A fatal accident inquiry into the deaths of three infants will finally get underway in January following repeated delays.

Sheriff Principal Aisha Anwar said it was "incredibly important that we press ahead" as a preliminary hearing today agreed the timetable for hearings into the deaths of babies Leo Lamont, Ellie McCormick and Mirabelle Bosch.

The inquiry, which will be held at Glasgow Sheriff Court, will open on January 9 and is expected to conclude on March 1.

READ MORE: Neonatal deaths investigated at health board facing FAI inquiry

In July 2022, the Crown Office announced that an FAI would be held because all three infants had passed away in "circumstances giving rise to serious public concern", adding that the inquiry would "seek to establish whether there is learning that could minimise the risk of future death in similar circumstances".

The Herald: Sheriff Principal Aisha AnwarSheriff Principal Aisha Anwar (Image: Scottish Courts Service)

Clinical staff from NHS Lanarkshire and NHS Greater Glasgow and Clyde are due to give evidence along with Jim Ward, the medical director of the Scottish Ambulance Service.

Leo Lamont was born on February 15 2019, Ellie McCormick on March 4 2019, and Mirabelle Bosch on July 2 2021.

No further details in relation to where, when or how they died have been made public, although the parents of Mirabelle - Eckhardt and Rozelle Bosch - described her experiences as "traumatic" in an online message last year when they were fundraising £5000 for their legal costs.

The FAI was initially scheduled to take place over four weeks beginning in May this year, but the timetable was subsequently was pushed back to an August 15 start date.

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However, that was also scrapped following a request from counsel for an additional supplementary report to be carried out addressing questions surrounding the death of Leo Lamont.

Both the original expert report and the supplementary report have been prepared for the inquiry by consultant obstetrician, Dr Rhona Hughes, the doctor who delivered former Prime Minister Gordon Brown's son, John, in 2003 at Edinburgh Royal Infirmary.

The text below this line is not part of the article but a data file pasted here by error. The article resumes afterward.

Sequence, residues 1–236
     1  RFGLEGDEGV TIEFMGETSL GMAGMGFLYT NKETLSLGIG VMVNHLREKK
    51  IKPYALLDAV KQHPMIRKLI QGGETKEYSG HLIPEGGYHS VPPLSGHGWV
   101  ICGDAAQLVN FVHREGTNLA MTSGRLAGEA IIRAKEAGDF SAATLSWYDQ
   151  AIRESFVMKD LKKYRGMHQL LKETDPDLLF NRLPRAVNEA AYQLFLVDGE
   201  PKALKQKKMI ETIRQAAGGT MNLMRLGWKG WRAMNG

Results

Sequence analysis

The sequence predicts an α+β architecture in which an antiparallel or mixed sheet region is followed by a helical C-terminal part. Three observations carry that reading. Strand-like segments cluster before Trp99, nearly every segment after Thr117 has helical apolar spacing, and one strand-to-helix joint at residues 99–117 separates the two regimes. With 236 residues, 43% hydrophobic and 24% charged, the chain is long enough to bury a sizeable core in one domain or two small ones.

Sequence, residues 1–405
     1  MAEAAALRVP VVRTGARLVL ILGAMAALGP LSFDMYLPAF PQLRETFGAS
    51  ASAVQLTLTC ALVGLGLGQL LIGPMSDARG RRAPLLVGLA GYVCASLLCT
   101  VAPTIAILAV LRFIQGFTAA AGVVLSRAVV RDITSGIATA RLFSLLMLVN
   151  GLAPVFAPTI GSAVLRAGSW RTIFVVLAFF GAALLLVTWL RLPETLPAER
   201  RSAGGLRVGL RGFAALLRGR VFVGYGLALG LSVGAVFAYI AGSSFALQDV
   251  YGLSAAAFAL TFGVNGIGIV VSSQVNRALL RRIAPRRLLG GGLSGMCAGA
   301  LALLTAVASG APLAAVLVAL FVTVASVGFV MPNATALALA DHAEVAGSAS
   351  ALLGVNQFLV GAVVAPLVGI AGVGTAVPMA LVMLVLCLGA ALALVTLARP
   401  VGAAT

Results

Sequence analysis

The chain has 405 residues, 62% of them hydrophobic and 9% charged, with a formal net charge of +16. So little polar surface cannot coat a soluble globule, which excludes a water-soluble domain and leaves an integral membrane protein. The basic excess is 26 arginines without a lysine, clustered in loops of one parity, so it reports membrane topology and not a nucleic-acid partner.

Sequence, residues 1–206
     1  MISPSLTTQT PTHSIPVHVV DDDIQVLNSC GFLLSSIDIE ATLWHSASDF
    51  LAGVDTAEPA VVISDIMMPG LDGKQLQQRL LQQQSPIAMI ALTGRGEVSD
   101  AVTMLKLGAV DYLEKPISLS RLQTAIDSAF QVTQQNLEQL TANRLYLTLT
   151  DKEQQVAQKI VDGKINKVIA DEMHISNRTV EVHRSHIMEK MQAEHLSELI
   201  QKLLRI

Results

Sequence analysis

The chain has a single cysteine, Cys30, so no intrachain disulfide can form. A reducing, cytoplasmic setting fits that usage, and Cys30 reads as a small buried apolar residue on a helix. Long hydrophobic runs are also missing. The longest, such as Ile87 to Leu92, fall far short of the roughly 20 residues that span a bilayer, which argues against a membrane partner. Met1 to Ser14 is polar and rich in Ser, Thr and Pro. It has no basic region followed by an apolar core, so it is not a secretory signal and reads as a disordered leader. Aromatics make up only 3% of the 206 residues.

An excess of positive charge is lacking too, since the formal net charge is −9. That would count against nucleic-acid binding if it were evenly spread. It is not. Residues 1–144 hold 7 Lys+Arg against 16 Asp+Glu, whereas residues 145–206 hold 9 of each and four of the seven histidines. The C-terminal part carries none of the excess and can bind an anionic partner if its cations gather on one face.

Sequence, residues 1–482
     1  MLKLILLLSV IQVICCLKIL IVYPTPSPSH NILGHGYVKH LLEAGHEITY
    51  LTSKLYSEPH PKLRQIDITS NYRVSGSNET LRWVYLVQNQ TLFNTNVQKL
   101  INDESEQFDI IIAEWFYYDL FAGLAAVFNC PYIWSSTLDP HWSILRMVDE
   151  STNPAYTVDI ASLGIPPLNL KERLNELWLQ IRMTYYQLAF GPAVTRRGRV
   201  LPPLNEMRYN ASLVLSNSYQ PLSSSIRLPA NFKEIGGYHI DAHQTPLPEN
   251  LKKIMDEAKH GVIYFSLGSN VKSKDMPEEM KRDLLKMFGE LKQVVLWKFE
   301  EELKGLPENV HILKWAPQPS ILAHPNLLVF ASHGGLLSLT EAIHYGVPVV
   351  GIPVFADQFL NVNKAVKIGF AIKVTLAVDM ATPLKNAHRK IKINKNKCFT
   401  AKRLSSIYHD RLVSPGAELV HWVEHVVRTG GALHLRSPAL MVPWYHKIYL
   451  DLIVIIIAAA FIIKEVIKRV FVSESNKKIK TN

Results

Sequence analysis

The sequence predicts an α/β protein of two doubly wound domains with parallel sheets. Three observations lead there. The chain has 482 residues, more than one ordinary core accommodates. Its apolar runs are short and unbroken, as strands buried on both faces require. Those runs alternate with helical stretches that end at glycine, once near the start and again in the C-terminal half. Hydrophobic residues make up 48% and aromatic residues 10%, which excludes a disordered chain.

Two additional witnesses - both midwives - have also been ordered to provide evidence to the inquiry.

The legal team representing NHS Greater Glasgow and Clyde had submitted a motion seeking to delay the start of the FAI again due to diary clashes in January.

However, this motion has now been dropped after it emerged that the mother of Leo Lamout - Nadine Rooney - is pregnant with a due date of late March or early April.

The Herald: The inquiry will hear evidence from witnesses from NHS Glasgow, Lanarkshire and the ambulance service (stock photo)The inquiry will hear evidence from witnesses from NHS Glasgow, Lanarkshire and the ambulance service (stock photo) (Image: PA)

James McConnell, representing NHS GGC, said it was possible that solicitors for the health board will have to instruct new counsel if he remains unavailable in January, but that the news of Ms Rooney's pregnancy "had put a rather different spin on delaying matters further" and a postponement was no longer being sought.

Counsel for the Scottish Ambulance Service indicated that they were also unable to attend the FAI's planned dates in the new year, and that alternative advocates may have to step in.

Sheriff Principal Anwar said she was not minded to set new dates.

She said: "I regret that we are dealing with families who have tragically lost three children and now we have the news of the pregnancy of one of the mothers who has been involved - I think it is incredibly important that we press ahead."

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The preliminary hearing was told by Mr McConnell that Dr Hughes' initial report to the inquiry "potentially criticised a number of clinicians".

He said: "The supplementary documentation has been very helpful in that it narrows the focus down to Dr Vezza."

He added that the medic - understood to be a Dr Carolann Vezza - is currently on maternity leave, due to return to work in May 2024.

Catherine Smith, acting for NHS Lanarkshire, raised concerns over the use in court proceedings of BadgerNet - an online records system used in perinatal care.

She said there was "massive, massive anxiety" among her clients that a live demonstration of the software in court carried a high risk that medical data for patients not involved in the inquiry would be accidentally displayed.

Pre-recorded videos for the relevant BadgerNet patient records will now be prepared instead for use during the FAI.